Dragon Soul Press presents an interview with Barend Nieuwstraten III. He is featured in the following DSP anthologies: All Dark Places 2, All Dark Places 3, Lethal Impact, Wolf Night, Imperial Devices, Spirit, Valiance, Space Bound, Extinct Worlds, Timeless 2.
1. What inspired you to start writing?
I always wanted to write, flirting with it over the years between other creative pursuits. I suppose it came in waves. But the first big push came from reading the Silmarillion by Tolkien. I didn’t realise that stories could be so colossal in scope until I took that epic tale in. That was when I really knew I wanted to build my own word.
2. How do you come up with the titles to your books?
Hard to break down to a process but I like to keep them short, simple, and inviting. Matter of fact but seasoned with intrigue. Usually dangling more information than they might appear to. It’s not a rule as such, but I seem to have an aversion to using in-world pronouns in them for mostly intangible reasons. I suppose I just feel they belong strictly inside the book. They have no context until you start reading. But then neither do the titles I choose, so a proper explanation is probably buried somewhere in my subconscious.
3. What comes first, the plot or characters?
Characters. Typically, I have no idea where I’m going or what’s going to happen when I start writing. I’m as much on the adventure as anyone who reads it, so I at least need to know who I’m travelling with before I take a step into the unknown.
4. What is the most difficult part about writing for you?
The sitting: I’m a terrible slouch. I seem to subtly slip into it without noticing as I work and don’t realise until I’m in terrible pain.
Also, a wandering mind. As I’m always working on multiple things, cross-inspiration can spark at inconvenient moments.
5. How much ‘world building’ takes place before you start writing?
So much and often during. The more stories I write, the more of my world exists. I once worked out that for one specific scene, I created and utilized support documents on various categories that together totalled enough words to create a 260-page paperback. There are so many other files and they keep growing in number and content. Before writing ‘Sackcloth and Silver’ for the Wolf Night anthology, I ended up creating an 800-word document on lycanthropy, just so I’d know what the rules were. I find it strange that the part of me that wanted to write the story refused to budge until the word building part of me quickly made up the rules, as if they already solidly existed in my subconscious and needed to be extracted so that I could read and religiously follow them.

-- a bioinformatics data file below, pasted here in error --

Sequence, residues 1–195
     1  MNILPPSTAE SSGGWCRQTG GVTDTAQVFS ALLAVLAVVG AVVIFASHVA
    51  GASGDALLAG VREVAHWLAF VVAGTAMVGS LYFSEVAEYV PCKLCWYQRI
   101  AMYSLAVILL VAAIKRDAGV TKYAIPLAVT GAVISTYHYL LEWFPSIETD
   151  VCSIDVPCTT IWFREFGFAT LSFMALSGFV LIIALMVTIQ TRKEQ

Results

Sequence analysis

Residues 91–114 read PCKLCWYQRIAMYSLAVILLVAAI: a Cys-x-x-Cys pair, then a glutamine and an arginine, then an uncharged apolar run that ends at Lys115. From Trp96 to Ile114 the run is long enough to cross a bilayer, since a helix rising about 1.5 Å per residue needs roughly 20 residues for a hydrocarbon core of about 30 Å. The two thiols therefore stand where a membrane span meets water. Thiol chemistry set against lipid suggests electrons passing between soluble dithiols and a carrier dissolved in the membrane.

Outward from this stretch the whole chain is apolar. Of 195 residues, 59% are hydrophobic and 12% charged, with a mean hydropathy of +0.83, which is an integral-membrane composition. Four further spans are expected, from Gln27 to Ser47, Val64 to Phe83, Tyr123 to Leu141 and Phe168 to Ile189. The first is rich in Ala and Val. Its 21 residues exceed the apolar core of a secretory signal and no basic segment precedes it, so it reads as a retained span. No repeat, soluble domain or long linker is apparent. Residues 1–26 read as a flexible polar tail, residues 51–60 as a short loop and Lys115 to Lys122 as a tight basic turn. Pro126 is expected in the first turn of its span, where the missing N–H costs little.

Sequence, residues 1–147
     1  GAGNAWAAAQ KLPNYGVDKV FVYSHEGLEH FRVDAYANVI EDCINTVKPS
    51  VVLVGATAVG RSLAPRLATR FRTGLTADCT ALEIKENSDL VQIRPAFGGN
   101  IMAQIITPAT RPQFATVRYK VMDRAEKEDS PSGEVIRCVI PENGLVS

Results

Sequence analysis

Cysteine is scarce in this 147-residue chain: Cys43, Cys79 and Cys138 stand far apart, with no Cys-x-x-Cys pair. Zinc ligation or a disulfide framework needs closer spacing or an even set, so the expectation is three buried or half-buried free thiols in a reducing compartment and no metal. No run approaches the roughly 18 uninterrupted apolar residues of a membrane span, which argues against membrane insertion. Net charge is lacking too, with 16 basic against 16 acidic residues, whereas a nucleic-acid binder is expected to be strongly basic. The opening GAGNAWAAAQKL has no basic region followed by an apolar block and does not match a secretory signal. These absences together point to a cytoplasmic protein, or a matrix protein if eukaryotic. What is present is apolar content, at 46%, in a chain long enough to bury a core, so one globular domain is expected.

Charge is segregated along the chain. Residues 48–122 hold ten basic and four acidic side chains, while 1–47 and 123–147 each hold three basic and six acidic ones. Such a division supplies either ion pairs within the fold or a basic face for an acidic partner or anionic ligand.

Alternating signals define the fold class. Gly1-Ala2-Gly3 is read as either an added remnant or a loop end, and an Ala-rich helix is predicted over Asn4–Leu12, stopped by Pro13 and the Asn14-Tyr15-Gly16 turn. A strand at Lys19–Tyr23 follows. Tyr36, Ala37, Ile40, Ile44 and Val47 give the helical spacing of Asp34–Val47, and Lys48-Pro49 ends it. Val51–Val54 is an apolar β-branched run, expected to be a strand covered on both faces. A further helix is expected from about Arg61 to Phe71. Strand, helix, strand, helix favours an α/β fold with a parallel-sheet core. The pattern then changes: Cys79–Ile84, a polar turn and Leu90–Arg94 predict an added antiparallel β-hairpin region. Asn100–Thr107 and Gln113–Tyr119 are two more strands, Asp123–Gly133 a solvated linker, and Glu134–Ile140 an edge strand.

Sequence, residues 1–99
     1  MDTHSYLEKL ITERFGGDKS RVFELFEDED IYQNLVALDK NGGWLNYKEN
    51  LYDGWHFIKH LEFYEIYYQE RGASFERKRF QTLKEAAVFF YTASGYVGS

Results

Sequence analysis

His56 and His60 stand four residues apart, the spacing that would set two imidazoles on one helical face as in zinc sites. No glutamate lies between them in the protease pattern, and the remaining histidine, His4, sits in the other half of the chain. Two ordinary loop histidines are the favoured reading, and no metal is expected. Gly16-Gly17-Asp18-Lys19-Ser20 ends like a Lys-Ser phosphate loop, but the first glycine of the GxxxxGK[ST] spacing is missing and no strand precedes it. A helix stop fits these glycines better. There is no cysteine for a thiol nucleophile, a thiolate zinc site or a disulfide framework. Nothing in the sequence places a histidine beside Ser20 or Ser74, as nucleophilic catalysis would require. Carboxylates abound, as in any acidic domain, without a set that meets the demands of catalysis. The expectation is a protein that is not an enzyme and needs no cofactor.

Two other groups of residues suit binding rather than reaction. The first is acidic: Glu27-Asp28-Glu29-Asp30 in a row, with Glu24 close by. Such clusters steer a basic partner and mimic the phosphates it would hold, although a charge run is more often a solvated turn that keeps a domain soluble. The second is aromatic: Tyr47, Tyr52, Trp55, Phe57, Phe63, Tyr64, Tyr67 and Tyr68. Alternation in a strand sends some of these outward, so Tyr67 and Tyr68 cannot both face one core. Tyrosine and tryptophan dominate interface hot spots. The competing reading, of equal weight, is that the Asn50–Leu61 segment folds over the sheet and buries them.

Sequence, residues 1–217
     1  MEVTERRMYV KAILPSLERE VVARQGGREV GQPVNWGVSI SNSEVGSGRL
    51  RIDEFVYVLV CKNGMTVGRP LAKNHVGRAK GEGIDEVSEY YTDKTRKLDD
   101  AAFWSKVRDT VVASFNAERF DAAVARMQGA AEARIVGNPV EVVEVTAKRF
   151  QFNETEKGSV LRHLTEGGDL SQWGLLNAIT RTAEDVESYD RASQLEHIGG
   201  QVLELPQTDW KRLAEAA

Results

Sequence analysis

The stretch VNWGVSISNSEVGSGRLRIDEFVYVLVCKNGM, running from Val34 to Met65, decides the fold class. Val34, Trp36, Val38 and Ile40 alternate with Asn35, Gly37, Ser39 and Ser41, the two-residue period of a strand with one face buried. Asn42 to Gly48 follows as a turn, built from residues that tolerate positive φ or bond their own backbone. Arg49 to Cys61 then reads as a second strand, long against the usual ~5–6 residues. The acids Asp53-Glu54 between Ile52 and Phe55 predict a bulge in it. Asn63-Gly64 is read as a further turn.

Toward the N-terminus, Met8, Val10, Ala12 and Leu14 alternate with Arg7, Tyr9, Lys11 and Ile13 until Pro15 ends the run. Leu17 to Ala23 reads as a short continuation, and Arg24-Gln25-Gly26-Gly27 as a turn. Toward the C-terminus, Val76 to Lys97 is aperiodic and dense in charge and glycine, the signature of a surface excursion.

6. How many books have you written? Which is your favorite?
Four. I’ve written the first two books of a seven-book series and two stand-alone novels. I’m still working on them, but the series is my first love. It’s a project I’ve put on hold to focus on shorter stories for now and I’m very anxious to get back to it. The scale of it is quite large and has multiple perspectives (where my other novels have one). In my mind the series is just one long story, so even though its only two sevenths complete, that’s the one my heart’s tied to.
7. Who is your favorite character?
There’s a monk in my series named Adbry, who always makes me laugh. I hadn’t intended him to be the comic relief, but he just seemed to naturally find his way there. Even though I’m writing it, I’m just surprised by what he says. I’ve even had to censor him a couple times, because he was in danger of undermining the tone of certain scenes.
8. How many plot ideas are just waiting to be written? Can you tell us about one?
For someone who makes it up as he goes along, a surprisingly large pile of ideas haunts my ‘to do’ list.
One I’m excited about is the humorous misadventures of a man who’s dragged out to the woods to be murdered by a gang for unpaid debts but reasons his way out of it, only to end up getting arrested elsewhere, then pressganged onto a pirate ship. I’m curious to see what happens to him.
9. Who is your favorite author and why?
I think I have to go with Douglas Adams. I admire the rare intelligence and insight that went into his work. Though used primarily for comedic purposes, he skilfully deconstructed societal norms to expose them for the absurdities they truly were. I think so much of the great philosophy of our age is hidden in humour.
10. Where can readers learn more about you?
a. What famous author do you wish would be your mentor?
Terry Pratchett. Every beat a story should have is in every story he ever wrote. I think those who work primarily in comedy have the best understanding of what’s most important. Like seeing a little more of the spectrum. While the Discworld books are very satirical, the characters, their relationships, the balance of how everything in the world works, are rich and deep and somehow believable, no matter how absurd things get. How someone could be so wilfully ridiculous and well grounded at the same time is precisely the essence of what every fantasy author needs to possess. Even in the darkest corners of the genre.
b. What do you like to do when you are not writing?
Adding to my future workload by creating cover art for books I haven’t written yet. I sometimes storyboard films. I’m also a musician, working under fourteen different projects. I’m obsessed with Belgian and German beers, though I hardly drink now, and adore old and new British comedy as well old (especially Italian) horror films. I also squeeze in a bit of gaming when sufficient peer pressure is applied.
c. If you had to describe yourself in three words, what would they be?
Humorous, Verbose, Distracted.